The Portland, Ore., case ended in April with the jury ordering the Boy Scouts of America to pay a sexual abuse victim $18.5 million. Clark argued the group knew it had a problem with sexual abusers but ignored the situation.

“The pattern that we saw in the Portland trial ... is the same pattern we saw here,” Clark told the newspaper. Both cases involve a leader who had lots of one-on-one time with a scout, working on projects, often in the scout leader’s home, he said.

The Alaska man has suffered long-term depression and has difficulty keeping up relationships — problems often associated with sexual abuse as a child, the lawsuit states.

Alabama: Court records: Man’s death was murder for hire
MONTGOMERY, Ala. (AP) - Court documents indicate that authorities believe the killing of Ralph McNeill - also known as Skip “the Critter Man” - was a murder for hire.

But police are saying little about any possible motive for the killing.

Authorities say three suspects have been arrested in connection with the Jan. 18 slaying of McNeill, the longtime operator of an animal trapping business in Montgomery.

Court records state that the homicide was part of an agreement between the three suspects “to kill the victim for payment.”

The court records do not state who is accused of carrying out the actual killing or who is suspected of supplying the payment.

McNeill’s body was found near a burning trailer, and his truck had been set on fire. Court records say he had been shot and stabbed.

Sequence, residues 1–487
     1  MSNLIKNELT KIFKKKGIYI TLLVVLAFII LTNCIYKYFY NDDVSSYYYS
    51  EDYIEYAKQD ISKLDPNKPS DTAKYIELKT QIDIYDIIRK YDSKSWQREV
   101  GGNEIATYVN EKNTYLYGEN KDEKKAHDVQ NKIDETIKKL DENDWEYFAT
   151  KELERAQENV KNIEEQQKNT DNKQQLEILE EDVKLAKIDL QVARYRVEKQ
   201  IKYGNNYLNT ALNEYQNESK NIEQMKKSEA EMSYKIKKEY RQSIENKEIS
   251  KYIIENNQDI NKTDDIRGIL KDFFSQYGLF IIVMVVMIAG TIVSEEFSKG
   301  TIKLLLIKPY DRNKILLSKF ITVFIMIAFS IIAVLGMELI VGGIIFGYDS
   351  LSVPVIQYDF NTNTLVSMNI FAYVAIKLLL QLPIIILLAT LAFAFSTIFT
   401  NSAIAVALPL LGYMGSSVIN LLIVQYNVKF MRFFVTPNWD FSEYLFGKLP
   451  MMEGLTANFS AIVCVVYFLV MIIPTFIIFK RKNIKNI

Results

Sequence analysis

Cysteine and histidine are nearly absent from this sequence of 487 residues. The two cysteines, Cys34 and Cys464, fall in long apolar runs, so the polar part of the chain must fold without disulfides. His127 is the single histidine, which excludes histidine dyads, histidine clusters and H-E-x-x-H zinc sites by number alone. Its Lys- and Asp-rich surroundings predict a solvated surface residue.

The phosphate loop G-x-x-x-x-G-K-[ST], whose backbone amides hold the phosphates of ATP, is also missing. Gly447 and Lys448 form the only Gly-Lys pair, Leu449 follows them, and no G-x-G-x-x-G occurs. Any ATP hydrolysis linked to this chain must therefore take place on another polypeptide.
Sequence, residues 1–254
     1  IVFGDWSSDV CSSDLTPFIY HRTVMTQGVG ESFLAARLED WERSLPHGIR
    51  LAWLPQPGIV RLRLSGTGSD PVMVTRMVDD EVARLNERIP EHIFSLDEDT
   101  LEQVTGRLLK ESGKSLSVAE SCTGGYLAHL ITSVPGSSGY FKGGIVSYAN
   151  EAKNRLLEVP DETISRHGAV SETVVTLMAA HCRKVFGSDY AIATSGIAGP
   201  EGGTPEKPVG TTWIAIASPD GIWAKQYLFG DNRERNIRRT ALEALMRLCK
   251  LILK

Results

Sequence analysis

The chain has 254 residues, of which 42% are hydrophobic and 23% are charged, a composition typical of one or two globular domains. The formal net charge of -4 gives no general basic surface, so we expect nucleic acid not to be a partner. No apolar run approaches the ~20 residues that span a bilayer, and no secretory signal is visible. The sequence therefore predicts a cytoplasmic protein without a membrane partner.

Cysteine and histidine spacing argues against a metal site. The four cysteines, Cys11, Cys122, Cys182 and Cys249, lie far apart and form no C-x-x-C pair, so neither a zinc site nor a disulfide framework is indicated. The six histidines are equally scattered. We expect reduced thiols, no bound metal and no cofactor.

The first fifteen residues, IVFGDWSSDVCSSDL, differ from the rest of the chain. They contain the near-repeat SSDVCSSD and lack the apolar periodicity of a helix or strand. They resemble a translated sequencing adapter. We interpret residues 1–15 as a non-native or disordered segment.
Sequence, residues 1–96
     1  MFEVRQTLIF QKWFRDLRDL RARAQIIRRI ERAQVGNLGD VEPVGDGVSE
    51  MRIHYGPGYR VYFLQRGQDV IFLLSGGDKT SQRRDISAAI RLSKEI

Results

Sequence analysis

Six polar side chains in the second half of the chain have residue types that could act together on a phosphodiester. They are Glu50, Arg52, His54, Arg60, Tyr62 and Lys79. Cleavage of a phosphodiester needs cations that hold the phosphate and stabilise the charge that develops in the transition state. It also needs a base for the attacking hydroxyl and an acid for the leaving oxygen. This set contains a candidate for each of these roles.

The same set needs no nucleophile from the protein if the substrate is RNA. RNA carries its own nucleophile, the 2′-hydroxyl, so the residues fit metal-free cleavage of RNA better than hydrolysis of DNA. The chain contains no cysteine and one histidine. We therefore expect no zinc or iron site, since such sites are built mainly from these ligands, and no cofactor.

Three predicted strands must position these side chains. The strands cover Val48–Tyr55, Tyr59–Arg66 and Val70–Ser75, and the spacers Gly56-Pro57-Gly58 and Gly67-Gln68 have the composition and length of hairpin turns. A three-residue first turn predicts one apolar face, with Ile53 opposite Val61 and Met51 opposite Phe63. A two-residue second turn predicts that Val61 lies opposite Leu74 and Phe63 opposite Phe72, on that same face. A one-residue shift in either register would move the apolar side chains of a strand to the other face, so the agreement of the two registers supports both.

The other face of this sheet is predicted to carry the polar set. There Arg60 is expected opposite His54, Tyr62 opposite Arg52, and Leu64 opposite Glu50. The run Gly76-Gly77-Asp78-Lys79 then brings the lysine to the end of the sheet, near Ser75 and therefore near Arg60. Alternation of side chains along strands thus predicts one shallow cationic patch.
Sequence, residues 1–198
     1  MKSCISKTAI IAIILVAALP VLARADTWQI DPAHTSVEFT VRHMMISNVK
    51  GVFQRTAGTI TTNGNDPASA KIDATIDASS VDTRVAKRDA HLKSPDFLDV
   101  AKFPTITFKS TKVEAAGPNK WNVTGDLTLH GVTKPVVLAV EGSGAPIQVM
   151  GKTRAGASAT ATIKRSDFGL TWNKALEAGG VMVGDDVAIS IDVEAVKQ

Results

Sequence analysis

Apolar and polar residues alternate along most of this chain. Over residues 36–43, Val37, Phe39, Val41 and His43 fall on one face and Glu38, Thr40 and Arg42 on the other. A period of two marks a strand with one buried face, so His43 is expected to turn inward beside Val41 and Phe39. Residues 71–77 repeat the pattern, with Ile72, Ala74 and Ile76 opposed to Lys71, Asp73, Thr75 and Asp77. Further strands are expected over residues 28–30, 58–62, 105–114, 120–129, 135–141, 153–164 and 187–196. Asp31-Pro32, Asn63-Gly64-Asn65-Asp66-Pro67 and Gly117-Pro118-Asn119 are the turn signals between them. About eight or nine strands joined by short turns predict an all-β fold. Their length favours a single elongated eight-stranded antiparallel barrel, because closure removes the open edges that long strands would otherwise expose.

Pennsylvania: Police: Man robs bank a day after jail release
JOHNSTOWN, Pa. (AP) - Police say a western Pennsylvania man stole a Jeep and robbed a bank a day after a judge let him out of jail where he had been awaiting trial on charges of assaulting his girlfriend.

Upper Yoder police say 29-year-old Richard Brandon Johnson robbed the First Commonwealth Bank in Bens Creek shortly after it opened Wednesday. He was arrested two hours later and also charged with stealing the Jeep, in which police say they found clothes that Johnson wore during the robbery.

Johnson was sent to the Cambria County Prison because he was unable to post $500,000 bond after his arraignment Wednesday.

The Tribune-Democrat of Johnstown reports that Johnson refused to answer questions from reporters but said “hi, Mom” as police led him to court.

New York: State’s attorney general sues online tobacco sites
MINEOLA, N.Y. (AP) — New York Attorney General Eric Schneiderman says his office is suing six website operators, accusing them of illegally selling cigarettes to state residents.

Schneiderman says the online sales represent hundreds of millions in lost sales tax revenues for the state. He also contends that online cigarette sales makes it easier for minors to buy cigarettes.

The attorney general says investigators in his office made numerous cigarette purchases, ordering off the websites in recent months.

State law requires anyone shipping cigarettes to be a licensed cigarette tax agent or wholesale dealer.

The lawsuit was filed Wednesday in state Supreme Court in Manhattan.